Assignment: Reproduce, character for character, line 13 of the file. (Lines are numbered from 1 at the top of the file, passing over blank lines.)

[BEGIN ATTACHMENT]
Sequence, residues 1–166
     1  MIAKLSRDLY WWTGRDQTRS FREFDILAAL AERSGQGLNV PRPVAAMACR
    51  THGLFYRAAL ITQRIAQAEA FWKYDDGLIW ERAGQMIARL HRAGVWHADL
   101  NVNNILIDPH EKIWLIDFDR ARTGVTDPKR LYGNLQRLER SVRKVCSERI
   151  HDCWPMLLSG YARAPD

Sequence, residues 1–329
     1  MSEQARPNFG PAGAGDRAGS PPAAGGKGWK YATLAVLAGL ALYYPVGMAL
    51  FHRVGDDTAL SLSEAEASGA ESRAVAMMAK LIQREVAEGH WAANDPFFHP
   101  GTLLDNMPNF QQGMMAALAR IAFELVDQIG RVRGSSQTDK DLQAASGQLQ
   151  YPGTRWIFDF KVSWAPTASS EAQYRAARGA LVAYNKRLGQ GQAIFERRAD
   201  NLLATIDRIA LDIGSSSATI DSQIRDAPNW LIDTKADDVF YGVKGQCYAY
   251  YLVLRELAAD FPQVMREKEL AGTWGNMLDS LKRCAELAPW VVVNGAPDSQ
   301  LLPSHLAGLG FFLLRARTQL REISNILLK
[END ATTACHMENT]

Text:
   301  LLPSHLAGLG FFLLRARTQL REISNILLK